London – When Prime Minister Theresa May took over from former prime minister David Cameron after Britain voted to leave the European Union in June 2016, she wasted no time in picking three key players for her Conservative cabinet to pave the way for Britain’s future outside the EU.
LIAM FOX, 55, vied for the Conservative leadership role but was beaten by May, who appointed him head of the newly created department for international trade. A staunch eurosceptic, Fox is now tasked with drumming up interest from non-EU countries over bilateral trade deals.
In his quest to show that Britain is “open for business” he has spoken to the Toronto Board of Trade in Canada and met with his counterpart in South Africa, as well as addressing the British Chamber of Commerce in Hong Kong.
He also tapped into Britain’s connections with former colonies with the first Commonwealth trade ministers’ meeting on March 9.
DAVID DAVIS, 68, was appointed Secretary of State for Exiting the European Union but is more commonly referred to as the Brexit Secretary. Relatively unknown before the Brexit period, he has held various political posts, including Foreign Office Minister from 1994 to 1997, where he was responsible for government negotiations on Europe and NATO enlargement.
He is now the face of Brexit on the home front. He will support May in her negotiations with the EU and outline policy to support divorce talks, working with the devolved administrations in Scotland, Northern Ireland and Wales, and liaising with Parliament on Brexit-related issues.
After Britain’s highest court ruled that Parliament should have a say in triggering Article 50 of the Lisbon Treaty to kick off talks with the EU on the terms of Britain’s departure, Davis became known for issuing warnings to lawmakers not to frustrate “the will of the people” by delaying the government’s deadline to begin proceedings.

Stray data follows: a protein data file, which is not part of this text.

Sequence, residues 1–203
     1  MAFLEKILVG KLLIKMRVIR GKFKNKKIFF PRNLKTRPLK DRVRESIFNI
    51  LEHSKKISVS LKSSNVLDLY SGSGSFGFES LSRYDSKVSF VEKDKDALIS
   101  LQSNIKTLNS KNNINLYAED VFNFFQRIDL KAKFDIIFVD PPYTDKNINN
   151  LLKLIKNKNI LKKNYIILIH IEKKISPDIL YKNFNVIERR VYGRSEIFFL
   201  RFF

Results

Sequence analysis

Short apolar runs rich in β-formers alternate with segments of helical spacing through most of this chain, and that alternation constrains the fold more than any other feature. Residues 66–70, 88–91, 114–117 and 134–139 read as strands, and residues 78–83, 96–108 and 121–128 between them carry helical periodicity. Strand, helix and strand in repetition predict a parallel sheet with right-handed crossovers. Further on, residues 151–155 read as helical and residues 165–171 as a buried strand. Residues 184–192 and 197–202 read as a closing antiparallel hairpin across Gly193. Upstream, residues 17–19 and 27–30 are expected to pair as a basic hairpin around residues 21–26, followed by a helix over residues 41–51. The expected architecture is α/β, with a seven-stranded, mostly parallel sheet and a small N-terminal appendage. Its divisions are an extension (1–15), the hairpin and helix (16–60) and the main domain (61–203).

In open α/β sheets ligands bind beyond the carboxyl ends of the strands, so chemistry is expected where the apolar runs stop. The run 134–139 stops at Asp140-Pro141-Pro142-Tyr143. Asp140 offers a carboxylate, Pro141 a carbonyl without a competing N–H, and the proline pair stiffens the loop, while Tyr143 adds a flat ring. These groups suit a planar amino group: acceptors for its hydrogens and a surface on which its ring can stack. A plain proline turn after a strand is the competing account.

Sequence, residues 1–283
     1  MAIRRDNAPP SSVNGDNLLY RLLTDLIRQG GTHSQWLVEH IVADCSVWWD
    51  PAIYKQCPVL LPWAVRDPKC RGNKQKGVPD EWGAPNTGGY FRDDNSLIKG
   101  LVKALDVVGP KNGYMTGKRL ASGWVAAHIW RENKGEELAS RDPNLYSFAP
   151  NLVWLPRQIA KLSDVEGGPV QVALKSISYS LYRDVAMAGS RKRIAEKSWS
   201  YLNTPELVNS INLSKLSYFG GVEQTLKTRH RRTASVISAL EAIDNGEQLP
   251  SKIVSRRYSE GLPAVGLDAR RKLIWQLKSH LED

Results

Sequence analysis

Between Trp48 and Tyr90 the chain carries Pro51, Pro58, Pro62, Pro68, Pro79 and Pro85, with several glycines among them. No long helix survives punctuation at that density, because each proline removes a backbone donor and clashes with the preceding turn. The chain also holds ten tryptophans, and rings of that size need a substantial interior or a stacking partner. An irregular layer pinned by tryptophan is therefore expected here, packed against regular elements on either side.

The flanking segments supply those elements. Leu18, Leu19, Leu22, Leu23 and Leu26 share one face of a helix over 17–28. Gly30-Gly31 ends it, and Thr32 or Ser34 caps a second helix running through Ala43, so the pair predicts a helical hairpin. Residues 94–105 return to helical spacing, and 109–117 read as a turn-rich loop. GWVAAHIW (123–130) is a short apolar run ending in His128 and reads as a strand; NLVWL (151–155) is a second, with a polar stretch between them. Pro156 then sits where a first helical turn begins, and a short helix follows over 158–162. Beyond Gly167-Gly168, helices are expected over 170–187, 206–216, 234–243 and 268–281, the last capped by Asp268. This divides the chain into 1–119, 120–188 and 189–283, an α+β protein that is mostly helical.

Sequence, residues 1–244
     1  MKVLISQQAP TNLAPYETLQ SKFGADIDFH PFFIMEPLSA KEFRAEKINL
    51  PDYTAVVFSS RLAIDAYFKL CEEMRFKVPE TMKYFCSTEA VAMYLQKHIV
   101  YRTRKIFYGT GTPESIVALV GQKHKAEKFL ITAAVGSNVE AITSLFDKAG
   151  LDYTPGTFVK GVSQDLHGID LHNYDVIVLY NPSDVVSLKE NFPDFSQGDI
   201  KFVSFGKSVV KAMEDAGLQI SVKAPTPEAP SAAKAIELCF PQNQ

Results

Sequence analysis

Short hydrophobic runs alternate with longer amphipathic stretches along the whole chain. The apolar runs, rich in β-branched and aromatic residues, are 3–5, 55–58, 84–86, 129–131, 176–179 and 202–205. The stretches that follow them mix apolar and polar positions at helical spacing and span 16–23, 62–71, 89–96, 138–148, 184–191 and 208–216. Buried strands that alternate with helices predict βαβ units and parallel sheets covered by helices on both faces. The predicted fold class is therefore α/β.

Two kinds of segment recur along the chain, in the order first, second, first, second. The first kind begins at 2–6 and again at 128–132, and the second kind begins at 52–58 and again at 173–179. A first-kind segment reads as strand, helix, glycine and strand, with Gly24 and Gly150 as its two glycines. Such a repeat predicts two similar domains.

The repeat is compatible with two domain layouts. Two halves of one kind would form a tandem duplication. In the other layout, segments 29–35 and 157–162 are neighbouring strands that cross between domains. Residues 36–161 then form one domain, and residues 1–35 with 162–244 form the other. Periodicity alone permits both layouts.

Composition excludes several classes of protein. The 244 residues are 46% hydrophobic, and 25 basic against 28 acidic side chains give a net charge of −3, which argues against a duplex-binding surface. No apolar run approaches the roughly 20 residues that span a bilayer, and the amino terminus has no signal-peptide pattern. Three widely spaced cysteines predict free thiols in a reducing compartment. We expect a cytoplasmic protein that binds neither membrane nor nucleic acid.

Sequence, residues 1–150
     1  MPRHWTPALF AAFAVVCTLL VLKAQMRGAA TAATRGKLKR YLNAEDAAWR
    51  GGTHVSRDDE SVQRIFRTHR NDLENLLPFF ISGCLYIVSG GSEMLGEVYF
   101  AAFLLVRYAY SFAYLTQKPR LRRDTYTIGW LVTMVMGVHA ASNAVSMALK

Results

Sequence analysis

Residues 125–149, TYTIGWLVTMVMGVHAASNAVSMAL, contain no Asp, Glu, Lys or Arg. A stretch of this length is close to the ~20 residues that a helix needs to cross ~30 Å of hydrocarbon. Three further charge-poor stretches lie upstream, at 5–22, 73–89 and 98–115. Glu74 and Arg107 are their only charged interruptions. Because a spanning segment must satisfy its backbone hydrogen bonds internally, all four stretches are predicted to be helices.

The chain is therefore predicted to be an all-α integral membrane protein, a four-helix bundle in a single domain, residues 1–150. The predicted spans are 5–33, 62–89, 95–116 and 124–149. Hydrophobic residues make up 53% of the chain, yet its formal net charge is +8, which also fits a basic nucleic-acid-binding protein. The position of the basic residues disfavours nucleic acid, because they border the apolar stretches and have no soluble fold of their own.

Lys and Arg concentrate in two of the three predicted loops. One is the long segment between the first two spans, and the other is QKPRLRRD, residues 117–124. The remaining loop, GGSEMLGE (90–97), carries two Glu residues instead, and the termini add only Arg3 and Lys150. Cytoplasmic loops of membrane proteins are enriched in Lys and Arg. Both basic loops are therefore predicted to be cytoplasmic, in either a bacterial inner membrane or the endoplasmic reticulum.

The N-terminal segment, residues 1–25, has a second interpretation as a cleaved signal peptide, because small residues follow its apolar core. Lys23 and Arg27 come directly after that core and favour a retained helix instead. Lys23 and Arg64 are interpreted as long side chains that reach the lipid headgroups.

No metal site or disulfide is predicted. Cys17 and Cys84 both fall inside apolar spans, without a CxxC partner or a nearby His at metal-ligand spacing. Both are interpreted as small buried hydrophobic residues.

BORIS JOHNSON, 52, is one of the most gaffe-prone politicians in British history and is best known for his controversial comments, making him a divisive choice for the role of foreign secretary.
The mop-haired former mayor of London and ex-journalist has garnered a reputation as a lovable buffoon after a number of memorable incidents including getting stuck on a zipwire while promoting the 2012 London Olympics and knocking over a child during a rugby match on a trip to Japan.
But Alexander Boris de Pfeffel Johnson, or BoJo as he is nicknamed, shocked the public by backing Brexit, campaigning against his long-time friend and former prime minister David Cameron in what many saw as a thinly-veiled bid to take the top job himself.
His diplomacy gaffes have included accusing British ally Saudi Arabia of “puppeteering and playing proxy wars” in the same week May met with Saudi leaders at a Gulf Cooperation Council summit in Bahrain.
Johnson also reportedly enraged an Italian minister by suggesting the country would lose out on Prosecco sales if the British market was shut out of EU trade.